A 50-year-old Hutu Rwandan, who has lived in Denmark since 2001, has lost his appeal against a Justice Ministry decision to deport him to Rwanda to face genocide charges,.
The Roskilde Municipal Court said that the Justice Ministry decision, which was taken following an investigation of conditions in Rwanda, should stand.
In Rwanda, the man, who is a teacher of profession, is charged with having given the order in 1994 to kill a large number of Tutsi Rwandans. As the organiser of a youth militia, he is alleged to have told the young men to kill Tutsis wherever they found them, the indictment says.
In Rwanda, the Kigali prosecutor is said to have put the 50-year-old in his top category of criminals as he is said to have had a leading role in the genocide.
The man himself denies the charges and says they are the result of his political affiliations. He has said that he fears for his life if he is sent back to Rwanda.
“The (Justice Ministry) picture of conditions (in Rwanda) do not tally with reality,” Defence Counsel Bjørn Elmquist says, and has called for the ministry’s decision to be quashed.
“A lot of people disappear without a trace in Rwanda without the authorities doing anything,” he adds, referring to a report by Human Rights Watch and Amnesty International.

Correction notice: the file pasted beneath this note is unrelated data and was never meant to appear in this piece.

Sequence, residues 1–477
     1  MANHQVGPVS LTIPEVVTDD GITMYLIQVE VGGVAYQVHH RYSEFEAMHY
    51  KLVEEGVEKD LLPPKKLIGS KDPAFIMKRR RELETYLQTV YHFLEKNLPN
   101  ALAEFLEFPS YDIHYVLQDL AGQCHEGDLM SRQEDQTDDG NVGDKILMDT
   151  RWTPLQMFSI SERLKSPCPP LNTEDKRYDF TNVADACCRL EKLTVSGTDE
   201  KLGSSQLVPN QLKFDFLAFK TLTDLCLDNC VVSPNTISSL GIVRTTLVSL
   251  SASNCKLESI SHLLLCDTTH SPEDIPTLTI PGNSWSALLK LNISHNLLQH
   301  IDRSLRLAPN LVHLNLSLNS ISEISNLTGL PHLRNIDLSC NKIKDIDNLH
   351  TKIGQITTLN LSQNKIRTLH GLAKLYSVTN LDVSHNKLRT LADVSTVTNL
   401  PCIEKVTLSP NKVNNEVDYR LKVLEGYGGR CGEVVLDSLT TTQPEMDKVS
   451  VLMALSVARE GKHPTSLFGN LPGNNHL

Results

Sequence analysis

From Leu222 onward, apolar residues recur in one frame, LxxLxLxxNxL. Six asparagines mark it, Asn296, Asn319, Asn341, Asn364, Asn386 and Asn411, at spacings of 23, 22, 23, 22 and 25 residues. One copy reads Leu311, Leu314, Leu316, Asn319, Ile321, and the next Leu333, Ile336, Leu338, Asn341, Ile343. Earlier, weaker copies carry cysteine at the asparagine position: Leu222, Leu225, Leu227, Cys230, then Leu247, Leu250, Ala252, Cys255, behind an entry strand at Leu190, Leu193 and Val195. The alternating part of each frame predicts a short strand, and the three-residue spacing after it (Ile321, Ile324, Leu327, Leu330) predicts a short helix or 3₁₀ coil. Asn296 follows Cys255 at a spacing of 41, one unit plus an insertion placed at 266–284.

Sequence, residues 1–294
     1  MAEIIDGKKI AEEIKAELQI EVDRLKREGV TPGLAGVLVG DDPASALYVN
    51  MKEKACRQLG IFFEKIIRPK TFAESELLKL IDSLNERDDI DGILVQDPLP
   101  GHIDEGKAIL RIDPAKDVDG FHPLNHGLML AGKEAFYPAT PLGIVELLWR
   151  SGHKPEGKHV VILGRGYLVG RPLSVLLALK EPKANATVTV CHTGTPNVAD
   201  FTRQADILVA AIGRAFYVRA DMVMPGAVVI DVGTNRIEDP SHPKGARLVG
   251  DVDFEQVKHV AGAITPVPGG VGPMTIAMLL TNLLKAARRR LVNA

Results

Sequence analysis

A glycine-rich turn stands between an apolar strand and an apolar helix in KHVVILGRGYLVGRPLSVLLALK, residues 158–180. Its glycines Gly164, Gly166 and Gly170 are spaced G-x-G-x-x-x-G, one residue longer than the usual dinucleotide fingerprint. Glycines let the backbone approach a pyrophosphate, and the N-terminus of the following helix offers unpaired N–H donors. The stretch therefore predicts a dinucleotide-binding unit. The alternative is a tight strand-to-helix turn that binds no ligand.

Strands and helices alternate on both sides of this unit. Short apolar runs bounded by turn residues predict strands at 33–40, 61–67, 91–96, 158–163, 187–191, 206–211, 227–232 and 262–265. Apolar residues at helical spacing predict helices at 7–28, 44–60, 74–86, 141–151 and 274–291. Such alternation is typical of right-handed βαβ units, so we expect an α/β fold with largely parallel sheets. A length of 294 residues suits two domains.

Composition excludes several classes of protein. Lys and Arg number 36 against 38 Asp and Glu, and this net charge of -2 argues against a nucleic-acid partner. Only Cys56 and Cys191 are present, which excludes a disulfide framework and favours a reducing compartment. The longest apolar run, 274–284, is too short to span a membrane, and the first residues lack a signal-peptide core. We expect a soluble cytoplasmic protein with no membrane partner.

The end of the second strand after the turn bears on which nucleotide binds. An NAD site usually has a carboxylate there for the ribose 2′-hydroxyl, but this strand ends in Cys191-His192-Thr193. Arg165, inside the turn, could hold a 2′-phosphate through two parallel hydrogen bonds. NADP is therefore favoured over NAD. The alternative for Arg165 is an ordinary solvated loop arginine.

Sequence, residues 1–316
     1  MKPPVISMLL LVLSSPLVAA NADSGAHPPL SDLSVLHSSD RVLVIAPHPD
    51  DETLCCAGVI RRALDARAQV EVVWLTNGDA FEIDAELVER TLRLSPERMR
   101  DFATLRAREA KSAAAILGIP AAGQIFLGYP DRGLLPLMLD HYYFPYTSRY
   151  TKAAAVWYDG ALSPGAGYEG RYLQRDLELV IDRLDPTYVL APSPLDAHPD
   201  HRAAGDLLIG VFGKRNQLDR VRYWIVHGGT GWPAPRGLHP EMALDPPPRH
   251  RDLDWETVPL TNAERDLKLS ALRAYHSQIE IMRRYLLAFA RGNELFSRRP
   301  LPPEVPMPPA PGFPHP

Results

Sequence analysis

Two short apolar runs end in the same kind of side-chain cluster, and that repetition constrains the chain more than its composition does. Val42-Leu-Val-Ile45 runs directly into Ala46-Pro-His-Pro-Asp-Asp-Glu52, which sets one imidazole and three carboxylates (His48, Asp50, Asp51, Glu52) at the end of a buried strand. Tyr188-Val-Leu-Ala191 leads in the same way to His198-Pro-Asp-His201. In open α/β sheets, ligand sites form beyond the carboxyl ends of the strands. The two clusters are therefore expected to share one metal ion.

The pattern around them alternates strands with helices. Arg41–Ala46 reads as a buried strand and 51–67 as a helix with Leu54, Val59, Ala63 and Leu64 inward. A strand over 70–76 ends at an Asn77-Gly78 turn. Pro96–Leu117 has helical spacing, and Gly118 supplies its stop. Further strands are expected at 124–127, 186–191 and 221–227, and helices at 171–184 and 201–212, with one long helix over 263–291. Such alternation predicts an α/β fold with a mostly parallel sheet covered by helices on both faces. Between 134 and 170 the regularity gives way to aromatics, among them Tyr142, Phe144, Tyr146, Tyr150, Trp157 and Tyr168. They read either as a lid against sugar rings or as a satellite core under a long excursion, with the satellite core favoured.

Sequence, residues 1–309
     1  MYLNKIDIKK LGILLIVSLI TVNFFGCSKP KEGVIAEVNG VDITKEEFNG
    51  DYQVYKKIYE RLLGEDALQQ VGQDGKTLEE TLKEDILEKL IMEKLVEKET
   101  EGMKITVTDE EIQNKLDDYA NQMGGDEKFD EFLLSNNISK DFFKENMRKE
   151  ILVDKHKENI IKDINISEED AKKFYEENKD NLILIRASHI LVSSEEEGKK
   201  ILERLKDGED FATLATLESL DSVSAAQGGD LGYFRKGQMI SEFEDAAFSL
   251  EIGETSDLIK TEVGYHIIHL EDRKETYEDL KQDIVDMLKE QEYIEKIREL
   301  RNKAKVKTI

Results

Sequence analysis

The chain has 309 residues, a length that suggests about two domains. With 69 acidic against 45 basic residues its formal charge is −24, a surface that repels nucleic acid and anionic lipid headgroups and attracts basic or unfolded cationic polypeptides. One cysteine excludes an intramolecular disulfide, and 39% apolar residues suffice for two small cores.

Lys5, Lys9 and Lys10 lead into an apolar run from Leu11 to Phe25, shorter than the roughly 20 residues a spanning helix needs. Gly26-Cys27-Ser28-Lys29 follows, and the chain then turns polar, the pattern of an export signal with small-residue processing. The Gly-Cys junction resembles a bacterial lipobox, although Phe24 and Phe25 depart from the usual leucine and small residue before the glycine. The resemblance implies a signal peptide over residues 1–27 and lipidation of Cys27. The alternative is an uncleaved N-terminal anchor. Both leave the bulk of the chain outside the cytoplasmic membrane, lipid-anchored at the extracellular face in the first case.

Both the Rwandan and Danish authorities believe the 50-year-old teacher has been responsible for deaths in Rwanda.
A Danish indictment handed to the Roskilde Court alleges, among other things, that the man threw a hand grenade into a group of people fleeing the area, and that he used a machete and spear to kill Tutsis.
In his initial remand hearing in December 2010, the prosecution alleged the man had taken part in Tutsi killings in 1994.
“The accused took part in the killings from April 18 to the end of May by heading or having responsibility for two road blacks,” the prosecutor says adding; “Many Tutsis were killed here on the orders of the accused”.
The charges also relate to events that took place in and around Kabuye Hill in Gisagara Parish in which some 25,000 people are said to have been massacred by Hutu Interahamwe militiamen after being sent to the area by government troops.
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Edited by Julian Isherwood